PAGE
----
[2.35.10] Beside this temple is another; it is of Ares, and has an image of the god, while to the right of the sanctuary of Chthonia is a portico, called by the natives the Portico of Echo. It is such that if a man speaks it reverberates at least three times. Behind the temple of Chthonia are three places which the Hermionians call that of Clymenus, that of Pluto, and the Acherusian Lake. All are surrounded by fences of stones, while in the place of Clymenus there is also a chasm in the earth. Through this, according to the legend of the Hermionians, Heracles brought up the Hound of Hell.

[2.35.11] At the gate through which there is a straight road leading to Mases, there is a sanctuary of Eileithyia within the wall. Every day, both with sacrifices and with incense, they magnificently propitiate the goddess, and, moreover, there is a vast number of votive gifts offered to Eileithyia. But the image no one may see, except, perhaps, the priestesses.
So...where is this place?
Hermione is a small town and a popular tourist resort in the Peloponnes, facing Hydra (or SDRA, NIDRA, IDERO, Hydrea) whish is an island of Greece, lying about 4 M. off the S.E. coast of Argolis in the Peloponnesus, and forming along with the neighbouring island of Dokos (Dhoko) or so Google tells me.

Asking more I find:
Hydra Greece is a beautiful island lying in the archipelago called the Argo-Saronic. It is situated in the Greek Islands calles Saronic and lies between the islands of Poros and Spetses, near the coast of the eastern foot of the Peloponnese. It is very popular island because of its extremely picturesque capital, full of red-tiled houses and stone-paved narrow alleys. It used to be the destination of fashionable artists during the sixties and has kept a highly cosmopolitan character. Hydra in Mythology was a nine-headed monster, sister of Medusa.

This section of Hydra Island provides pictures, map, villages, history, museums, architecture and a large range of hotels.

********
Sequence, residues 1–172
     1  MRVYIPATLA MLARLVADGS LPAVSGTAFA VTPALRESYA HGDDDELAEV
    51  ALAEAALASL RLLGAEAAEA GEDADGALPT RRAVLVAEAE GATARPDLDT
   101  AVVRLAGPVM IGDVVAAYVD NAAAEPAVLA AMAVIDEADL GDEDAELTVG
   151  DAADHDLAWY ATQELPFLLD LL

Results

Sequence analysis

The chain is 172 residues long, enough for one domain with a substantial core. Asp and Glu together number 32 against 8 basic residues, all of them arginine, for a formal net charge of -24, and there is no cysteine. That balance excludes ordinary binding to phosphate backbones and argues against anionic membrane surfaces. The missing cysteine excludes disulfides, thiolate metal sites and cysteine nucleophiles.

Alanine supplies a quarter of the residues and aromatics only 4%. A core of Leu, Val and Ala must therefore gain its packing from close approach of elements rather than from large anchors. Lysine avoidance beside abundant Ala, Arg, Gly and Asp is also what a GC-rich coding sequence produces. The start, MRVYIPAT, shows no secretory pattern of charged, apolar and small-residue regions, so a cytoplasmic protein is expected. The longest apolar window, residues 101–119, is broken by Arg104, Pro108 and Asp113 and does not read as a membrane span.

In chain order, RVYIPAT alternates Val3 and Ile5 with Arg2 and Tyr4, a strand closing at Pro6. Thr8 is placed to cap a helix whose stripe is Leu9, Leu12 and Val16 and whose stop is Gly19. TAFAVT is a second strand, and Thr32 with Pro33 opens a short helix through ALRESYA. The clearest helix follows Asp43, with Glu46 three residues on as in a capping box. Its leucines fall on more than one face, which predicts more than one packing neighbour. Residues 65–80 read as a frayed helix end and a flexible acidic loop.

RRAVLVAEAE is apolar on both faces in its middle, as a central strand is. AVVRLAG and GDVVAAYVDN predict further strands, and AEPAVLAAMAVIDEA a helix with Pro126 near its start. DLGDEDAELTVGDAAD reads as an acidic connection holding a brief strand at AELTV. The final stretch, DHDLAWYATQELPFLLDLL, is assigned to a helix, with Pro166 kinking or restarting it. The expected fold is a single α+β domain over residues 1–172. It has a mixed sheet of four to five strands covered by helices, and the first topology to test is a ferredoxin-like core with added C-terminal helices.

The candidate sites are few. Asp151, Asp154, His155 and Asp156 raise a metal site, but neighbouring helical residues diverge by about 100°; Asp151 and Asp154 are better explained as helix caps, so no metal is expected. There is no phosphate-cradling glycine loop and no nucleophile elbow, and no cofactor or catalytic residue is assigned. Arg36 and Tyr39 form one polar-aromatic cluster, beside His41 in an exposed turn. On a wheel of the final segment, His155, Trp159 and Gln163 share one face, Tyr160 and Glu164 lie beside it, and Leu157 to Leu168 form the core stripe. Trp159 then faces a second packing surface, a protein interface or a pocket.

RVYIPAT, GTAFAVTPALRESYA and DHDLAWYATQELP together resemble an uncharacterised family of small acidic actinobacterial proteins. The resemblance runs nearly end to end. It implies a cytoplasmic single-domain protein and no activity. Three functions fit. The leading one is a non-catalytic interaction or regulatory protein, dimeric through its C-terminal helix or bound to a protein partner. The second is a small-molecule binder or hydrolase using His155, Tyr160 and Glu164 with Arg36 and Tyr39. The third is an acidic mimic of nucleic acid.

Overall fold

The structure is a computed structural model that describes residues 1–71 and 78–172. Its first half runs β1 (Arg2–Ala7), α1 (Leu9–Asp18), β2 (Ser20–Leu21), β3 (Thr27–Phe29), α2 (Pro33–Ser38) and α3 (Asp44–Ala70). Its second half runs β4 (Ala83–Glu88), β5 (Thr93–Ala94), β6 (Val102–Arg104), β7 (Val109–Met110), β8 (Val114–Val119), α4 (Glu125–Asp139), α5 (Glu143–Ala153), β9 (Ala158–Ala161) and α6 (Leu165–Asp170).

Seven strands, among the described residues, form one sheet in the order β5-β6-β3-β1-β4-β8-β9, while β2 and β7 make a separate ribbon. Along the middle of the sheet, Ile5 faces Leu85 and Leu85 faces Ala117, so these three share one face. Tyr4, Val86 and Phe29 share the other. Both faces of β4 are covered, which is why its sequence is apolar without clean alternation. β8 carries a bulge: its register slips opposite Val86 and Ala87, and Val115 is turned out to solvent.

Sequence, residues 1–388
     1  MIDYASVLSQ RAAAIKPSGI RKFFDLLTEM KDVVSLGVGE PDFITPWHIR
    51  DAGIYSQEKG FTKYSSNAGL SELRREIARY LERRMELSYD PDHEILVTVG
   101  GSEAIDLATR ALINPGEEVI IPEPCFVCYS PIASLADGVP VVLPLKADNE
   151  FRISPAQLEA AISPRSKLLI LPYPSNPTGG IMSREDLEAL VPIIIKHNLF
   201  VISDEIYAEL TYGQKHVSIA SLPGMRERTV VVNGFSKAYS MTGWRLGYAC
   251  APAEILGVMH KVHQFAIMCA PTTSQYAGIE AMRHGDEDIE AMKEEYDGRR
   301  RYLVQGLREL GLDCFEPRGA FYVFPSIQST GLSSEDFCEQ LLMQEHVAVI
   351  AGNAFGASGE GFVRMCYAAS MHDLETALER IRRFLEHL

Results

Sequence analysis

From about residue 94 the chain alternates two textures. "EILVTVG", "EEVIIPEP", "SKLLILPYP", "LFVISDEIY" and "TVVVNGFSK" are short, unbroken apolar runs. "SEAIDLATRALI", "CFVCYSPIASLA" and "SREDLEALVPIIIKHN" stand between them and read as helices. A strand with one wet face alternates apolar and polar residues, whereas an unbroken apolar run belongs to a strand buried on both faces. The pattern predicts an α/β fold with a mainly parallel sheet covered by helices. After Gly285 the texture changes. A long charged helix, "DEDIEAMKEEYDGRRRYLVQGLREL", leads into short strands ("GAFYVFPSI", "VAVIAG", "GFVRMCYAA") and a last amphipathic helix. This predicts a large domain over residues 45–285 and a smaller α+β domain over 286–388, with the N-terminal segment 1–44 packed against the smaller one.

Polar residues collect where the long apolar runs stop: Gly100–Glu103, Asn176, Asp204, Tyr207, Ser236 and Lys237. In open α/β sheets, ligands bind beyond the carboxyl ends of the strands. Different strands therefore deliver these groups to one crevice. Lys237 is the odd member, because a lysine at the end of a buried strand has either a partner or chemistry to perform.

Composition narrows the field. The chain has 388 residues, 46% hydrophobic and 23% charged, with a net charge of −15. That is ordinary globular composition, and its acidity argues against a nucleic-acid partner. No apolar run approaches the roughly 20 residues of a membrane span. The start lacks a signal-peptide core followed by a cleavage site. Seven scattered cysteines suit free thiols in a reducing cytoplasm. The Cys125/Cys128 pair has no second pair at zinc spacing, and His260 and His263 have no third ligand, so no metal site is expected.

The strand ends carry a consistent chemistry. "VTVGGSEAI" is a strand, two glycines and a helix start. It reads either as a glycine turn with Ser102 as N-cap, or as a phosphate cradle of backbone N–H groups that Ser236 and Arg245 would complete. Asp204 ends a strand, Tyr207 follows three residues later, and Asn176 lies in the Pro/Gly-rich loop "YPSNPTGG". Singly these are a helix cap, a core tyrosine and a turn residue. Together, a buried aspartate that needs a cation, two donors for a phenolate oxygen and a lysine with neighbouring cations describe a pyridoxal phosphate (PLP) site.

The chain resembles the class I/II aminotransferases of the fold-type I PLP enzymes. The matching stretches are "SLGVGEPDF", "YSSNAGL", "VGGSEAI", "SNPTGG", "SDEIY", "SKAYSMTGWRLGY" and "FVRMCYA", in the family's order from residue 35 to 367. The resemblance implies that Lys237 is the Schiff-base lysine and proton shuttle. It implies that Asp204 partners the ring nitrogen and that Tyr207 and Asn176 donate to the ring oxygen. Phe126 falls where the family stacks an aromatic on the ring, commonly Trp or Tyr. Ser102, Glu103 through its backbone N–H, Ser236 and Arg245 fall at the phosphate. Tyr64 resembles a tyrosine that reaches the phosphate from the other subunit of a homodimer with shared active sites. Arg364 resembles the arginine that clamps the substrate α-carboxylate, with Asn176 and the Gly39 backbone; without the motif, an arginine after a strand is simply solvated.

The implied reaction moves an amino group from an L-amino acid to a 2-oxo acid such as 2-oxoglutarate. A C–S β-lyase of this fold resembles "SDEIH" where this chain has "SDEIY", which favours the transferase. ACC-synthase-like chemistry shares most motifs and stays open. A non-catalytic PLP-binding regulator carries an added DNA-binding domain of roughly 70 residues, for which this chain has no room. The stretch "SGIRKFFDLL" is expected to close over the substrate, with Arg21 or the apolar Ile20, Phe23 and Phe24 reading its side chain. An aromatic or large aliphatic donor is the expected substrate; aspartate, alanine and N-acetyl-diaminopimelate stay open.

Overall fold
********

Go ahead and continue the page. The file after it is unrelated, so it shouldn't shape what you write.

Welcome to Hydra Island, Greece, Saronic
OK, well Hydra is the island opposite, but the photographs are beautiful.

As far as I can make out, a monastery was built over the temple to Demeter: The church of Agioi Taxiarchoi.

The area used to be volcanic and so I find another link with Titans insomuch as Hydra is a many headed monster is not unlike the Titans. Also, the land thereabouts is subject to earthquakes -the subterranean rumblings of large things imprisoned underground!

When I first started thinking about the Persephone myth, I saw two kinds of story: the first narrative is about sacrifice and the second kind concerns fertility: so Ereshkigal is sacrificed to the Kur, her descent is accidental, or a purposeful abduction, but she represents the truth that girls go missing, 'lost' to marriage or childbirth and old age. Inanna's descent is purposeful and contains no self-sacrifice at all (Inanna knew the risk and made sure that someone would get her out) Damuzi is sacrificed (the awful stories of him trying to hide, praying to the sun to make the demons see him as a deer) and Geshtinanna chooses her own descent as a true sacrifice to restore her brother for at least part of the year.

The fertility aspect is Demeter refusing to let crops grow, and giving Triptolemos the wheat seeds to spread all over the earth, it is also a part of the sacrifice story -the illicit pleasure in imagining Persephone's loss of innocence (the dark version of fertility, sex and onwards into BDSM and kink in general) the light version the joyful loss of the daughter to marriage and the hope of children, tainted with the fear of death. Persephone and Geshtinanna and Damuzi are the green force...
The force that through the green fuse drives the flower
Drives my green age; that blasts the roots of trees
Is my destroyer.
And I am dumb to tell the crooked rose
"My youth is bent by the same wintry fever.

And yet a third aspect of the Persephone myth keeps on appearing; the link between Persephone and oracles of the dead, and how they are sited in border lands. Lands imagined to be between the land of the living and the land of the dead; volcanic ground. The links with a cthonic god of rot and decay the black-sun Apollo:
The "dark, consuming fire" of the material sun leads to its being called the "Dark" or "Black Sun."